Friend of UW, Wolfgang Buttress is a world-renowned artist with major large-scale pieces of public art around the globe.
Currently exhibiting a collection of his work in the UK pavilion at the 2015 Milan Expo known as ‘The Hive’. Wolfgang’s design is themed around the lifecycle of a bee their contribution to the Earth’s health. The main feature is giant cube honeycomb structure made from nearly two-hundred-thousand individual pieces that visitors can enter into, supported by a glass floor. The Hive is also connected to Nottingham by lighting effects and music that plays directly in response to the activity of a bee hive in our home town.
We had the pleasure of visiting Wolf in his studio in the Lady Bay area of Nottingham to find out more about the recent project and the book he has published to celebrate it:
“Entering the Pavilion competition was actually suggested by Tom, who works in my studio, and at first I was very sceptical. I was aware of its history of spectacle, from the Eiffel tower, to Buckminster Fuller’s Biosphere, to Paxton’s original Crystal Palace, so I knew it’s usually architects or engineers who get the commission and I just thought that there would be so many people going for it, which meant it was such a long shot.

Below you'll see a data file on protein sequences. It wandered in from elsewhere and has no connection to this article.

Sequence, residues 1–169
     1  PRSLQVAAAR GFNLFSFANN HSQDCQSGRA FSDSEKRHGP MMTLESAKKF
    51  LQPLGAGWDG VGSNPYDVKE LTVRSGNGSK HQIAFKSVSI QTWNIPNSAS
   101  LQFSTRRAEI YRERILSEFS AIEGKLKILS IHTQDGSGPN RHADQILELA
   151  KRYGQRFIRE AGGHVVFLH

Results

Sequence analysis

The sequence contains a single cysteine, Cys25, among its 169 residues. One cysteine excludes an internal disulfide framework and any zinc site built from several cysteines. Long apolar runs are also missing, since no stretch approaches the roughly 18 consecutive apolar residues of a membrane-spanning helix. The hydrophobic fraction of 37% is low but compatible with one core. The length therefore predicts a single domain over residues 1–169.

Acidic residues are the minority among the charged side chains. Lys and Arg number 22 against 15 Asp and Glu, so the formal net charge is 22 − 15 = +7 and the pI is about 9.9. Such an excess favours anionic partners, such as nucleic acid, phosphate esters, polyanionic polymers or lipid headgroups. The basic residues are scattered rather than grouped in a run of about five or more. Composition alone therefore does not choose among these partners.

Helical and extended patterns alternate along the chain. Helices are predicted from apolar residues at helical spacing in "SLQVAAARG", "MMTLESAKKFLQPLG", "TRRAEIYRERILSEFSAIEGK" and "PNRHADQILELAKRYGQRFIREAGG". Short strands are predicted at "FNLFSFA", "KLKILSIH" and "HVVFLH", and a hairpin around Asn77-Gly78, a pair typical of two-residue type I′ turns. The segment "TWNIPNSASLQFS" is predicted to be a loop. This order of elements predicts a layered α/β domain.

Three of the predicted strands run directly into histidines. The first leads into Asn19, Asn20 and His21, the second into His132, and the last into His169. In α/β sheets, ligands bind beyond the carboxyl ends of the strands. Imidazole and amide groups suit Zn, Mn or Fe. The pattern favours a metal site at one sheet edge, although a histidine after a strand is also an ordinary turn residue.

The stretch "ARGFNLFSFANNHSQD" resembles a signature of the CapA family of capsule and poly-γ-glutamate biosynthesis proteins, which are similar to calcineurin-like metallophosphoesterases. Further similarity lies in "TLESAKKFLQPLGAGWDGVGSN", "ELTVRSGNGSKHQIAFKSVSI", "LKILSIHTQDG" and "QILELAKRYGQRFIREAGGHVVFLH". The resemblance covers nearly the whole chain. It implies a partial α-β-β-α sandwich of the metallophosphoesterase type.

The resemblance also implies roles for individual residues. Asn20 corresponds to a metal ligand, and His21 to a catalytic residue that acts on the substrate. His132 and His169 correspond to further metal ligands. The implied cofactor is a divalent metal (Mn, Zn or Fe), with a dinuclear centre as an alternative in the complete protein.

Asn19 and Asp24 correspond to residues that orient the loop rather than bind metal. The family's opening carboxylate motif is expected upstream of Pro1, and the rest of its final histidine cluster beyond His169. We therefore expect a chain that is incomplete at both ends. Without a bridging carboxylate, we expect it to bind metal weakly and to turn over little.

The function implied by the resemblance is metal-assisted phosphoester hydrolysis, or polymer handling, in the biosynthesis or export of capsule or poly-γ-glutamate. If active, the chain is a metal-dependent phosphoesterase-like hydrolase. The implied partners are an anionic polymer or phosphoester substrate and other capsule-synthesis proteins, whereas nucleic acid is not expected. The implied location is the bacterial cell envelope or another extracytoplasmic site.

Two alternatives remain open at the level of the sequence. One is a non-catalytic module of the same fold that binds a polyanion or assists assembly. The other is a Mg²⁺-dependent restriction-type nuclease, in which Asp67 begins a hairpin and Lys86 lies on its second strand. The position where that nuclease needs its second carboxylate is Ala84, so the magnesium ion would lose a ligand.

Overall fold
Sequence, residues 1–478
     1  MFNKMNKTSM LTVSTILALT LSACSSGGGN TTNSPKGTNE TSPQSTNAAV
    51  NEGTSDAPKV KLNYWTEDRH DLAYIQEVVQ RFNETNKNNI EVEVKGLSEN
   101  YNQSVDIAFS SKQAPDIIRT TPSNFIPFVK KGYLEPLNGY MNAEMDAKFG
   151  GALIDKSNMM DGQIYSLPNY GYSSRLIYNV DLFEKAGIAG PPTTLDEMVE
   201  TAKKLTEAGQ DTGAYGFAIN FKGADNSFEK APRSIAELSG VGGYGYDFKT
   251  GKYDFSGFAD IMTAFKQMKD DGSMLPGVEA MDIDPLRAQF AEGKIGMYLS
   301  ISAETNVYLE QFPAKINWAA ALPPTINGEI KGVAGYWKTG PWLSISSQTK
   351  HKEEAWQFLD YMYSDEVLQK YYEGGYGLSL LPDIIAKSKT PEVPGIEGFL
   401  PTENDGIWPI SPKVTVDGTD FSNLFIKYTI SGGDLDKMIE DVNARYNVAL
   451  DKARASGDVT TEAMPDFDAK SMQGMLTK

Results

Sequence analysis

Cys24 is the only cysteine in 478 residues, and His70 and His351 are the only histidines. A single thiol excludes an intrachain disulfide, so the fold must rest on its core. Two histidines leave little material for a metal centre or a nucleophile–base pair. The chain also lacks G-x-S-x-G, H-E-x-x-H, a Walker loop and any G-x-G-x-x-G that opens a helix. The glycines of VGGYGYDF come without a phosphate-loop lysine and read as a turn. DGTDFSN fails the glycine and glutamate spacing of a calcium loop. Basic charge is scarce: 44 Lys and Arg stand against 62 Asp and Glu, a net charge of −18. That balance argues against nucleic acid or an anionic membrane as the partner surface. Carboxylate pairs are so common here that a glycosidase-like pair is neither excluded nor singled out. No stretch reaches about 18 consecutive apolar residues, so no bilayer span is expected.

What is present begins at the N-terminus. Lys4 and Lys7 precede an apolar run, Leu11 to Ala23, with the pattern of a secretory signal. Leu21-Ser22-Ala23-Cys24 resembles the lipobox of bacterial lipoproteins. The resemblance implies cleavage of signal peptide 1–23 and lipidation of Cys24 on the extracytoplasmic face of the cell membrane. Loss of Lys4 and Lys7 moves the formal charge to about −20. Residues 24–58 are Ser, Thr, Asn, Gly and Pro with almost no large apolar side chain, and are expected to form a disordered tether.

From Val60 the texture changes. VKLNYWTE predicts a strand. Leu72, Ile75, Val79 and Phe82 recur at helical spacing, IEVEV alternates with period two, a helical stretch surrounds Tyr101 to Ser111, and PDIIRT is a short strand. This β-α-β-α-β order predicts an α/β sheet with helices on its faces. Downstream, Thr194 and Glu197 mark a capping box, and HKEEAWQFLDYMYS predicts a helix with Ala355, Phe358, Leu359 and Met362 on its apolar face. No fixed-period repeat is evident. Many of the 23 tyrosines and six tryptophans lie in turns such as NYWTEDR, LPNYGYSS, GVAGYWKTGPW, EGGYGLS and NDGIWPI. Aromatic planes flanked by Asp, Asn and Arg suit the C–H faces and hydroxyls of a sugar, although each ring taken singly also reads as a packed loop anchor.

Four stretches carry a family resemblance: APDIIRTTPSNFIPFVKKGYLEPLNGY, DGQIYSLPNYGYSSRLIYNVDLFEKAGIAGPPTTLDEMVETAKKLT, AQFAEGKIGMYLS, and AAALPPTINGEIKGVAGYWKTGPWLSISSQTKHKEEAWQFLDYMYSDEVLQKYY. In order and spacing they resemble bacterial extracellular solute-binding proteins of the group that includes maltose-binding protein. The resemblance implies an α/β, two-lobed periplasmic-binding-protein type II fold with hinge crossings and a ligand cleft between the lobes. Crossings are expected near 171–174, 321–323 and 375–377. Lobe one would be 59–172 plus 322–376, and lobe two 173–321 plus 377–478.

But after more discussion with my wife Joy Buttresss, who is also an artist and the rest of my team I got into the idea and we were lucky enough to be chosen. This year’s theme behind the expo is “feeding the planet” so the initial idea was to take a section of the British countryside over to Milan as I wanted to do something that was a lot quieter and calmer. Although it needed to have impact and be spectacular to look at it, I wanted it to be immersive. I wanted to make sure that the idea was simple enough for a four-year-old to understand as well as an academic or someone from a completely different culture. So eventually we got on to the idea of the Bee.
As we all know the bee is in real crisis, because of pesticides, monoculture and climate change and because the bee is around a hundred million years old and so exquisitely tuned to the environment, it means you can almost see the bee as a sentinel of the planet: the healthier the bee, the healthier the planet. The worse the bee… you get what I mean. Bees are responsible for the pollination of over thirty percent of the worlds food so it is something that will have a massive impact on the human race, so we decided to use this thought as a metaphor with our design.